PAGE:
Volume 49, Issue 5 (September 2004)
Interpretation of Postmortem Change in Cadavers in Spain
Estimating time since death is especially difficult in the examination of poorly preserved cadavers and depends on the experience of the examiner and comparison with previously documented cases showing similar characteristics.
The present study reports on information obtained over the past ten years through the work of the Laboratorio de Antropología y Odontología Forense (LAF) of the Instituto Anatómico Forense de Madrid, Spain, in particular evaluating how the type of fracture influences postmortem change.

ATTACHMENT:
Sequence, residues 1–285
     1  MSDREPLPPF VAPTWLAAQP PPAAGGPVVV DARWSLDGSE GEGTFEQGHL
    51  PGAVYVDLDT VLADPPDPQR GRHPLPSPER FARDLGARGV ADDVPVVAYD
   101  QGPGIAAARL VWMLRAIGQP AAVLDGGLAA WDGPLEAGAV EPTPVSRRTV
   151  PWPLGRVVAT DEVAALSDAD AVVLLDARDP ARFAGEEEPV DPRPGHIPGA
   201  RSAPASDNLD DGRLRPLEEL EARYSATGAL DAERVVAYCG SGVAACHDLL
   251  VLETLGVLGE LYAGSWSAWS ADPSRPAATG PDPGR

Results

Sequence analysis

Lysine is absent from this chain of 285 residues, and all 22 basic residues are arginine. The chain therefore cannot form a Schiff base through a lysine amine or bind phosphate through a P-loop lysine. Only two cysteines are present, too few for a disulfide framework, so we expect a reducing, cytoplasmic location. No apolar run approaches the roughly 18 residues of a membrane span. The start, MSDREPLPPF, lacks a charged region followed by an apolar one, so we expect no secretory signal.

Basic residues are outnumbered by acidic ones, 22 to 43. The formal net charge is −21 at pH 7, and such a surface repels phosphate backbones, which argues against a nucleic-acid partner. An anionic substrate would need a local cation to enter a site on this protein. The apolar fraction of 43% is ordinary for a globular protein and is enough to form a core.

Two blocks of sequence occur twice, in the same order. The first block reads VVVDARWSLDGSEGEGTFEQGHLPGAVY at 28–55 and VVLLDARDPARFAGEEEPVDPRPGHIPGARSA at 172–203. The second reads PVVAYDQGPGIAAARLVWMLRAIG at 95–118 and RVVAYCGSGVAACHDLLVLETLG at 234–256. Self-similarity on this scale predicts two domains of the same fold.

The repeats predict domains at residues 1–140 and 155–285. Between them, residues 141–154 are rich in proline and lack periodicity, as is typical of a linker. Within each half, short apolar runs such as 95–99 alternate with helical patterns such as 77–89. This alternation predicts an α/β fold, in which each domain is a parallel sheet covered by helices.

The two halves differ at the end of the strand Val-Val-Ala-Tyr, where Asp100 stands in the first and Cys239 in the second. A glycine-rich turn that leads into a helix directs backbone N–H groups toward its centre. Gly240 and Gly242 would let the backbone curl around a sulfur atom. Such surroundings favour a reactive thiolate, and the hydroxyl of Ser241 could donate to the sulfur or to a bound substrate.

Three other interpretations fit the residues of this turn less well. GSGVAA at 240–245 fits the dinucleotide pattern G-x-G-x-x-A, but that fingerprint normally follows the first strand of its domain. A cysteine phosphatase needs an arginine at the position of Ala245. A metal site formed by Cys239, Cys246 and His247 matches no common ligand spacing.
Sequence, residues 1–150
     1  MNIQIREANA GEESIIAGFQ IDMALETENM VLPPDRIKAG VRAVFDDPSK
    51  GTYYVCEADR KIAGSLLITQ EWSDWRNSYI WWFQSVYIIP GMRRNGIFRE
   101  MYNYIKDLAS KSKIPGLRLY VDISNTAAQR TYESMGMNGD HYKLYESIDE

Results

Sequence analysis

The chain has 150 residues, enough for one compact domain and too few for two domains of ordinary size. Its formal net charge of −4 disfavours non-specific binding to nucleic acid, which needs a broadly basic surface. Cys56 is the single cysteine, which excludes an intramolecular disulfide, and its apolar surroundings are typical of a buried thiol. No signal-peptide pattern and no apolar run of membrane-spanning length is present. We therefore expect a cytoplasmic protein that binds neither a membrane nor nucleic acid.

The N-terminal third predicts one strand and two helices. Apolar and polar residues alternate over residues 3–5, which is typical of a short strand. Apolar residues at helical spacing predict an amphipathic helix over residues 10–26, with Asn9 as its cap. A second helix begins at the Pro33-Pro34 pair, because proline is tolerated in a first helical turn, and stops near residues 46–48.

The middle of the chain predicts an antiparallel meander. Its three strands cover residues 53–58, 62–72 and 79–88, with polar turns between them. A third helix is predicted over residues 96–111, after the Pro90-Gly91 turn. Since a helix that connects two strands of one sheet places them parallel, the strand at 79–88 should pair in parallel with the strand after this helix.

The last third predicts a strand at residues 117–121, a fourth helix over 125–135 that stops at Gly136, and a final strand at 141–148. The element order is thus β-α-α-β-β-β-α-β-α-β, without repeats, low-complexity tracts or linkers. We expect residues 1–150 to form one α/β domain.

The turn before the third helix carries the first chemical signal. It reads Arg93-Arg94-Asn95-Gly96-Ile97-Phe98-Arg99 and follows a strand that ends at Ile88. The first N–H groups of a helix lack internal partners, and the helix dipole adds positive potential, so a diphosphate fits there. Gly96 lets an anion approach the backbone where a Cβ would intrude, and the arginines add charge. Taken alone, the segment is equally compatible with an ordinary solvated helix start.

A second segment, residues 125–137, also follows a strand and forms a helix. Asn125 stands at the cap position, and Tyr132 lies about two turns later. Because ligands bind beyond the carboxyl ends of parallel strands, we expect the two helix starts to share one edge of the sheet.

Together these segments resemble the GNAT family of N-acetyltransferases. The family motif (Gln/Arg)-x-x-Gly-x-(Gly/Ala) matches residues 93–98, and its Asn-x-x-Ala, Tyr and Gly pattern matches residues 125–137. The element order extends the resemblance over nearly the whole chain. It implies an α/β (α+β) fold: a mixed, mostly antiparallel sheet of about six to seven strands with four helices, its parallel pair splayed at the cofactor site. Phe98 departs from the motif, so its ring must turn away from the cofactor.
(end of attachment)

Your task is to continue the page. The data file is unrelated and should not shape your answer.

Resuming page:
From the original 225 forensic cases examined between 1992 and 2002 in the LAF, a sample of 29 cases were selected from various regions of the Spanish mainland.
A data collection protocol was established to reflect factors which the existing specialized literature, documenting the relation existing in the sample analyzed between time since death and the extent of postmortem change, which in the environments examined are distributed into the following phases: Phase 1 (putrefaction): one week to one month on the surface and two months in water. Phase 2 (initial skeletonization): two months on the surface and five to six months in water. Phase 3 (advanced skeltonization): six months to 1.5 years on the surface and 2.5 years buried. Phase 4 (complete skeletonization): about one year on the surface and three years buried.
This paper also provide useful information on the impact of carrion insect activity, location, climate, seasonality, and predator.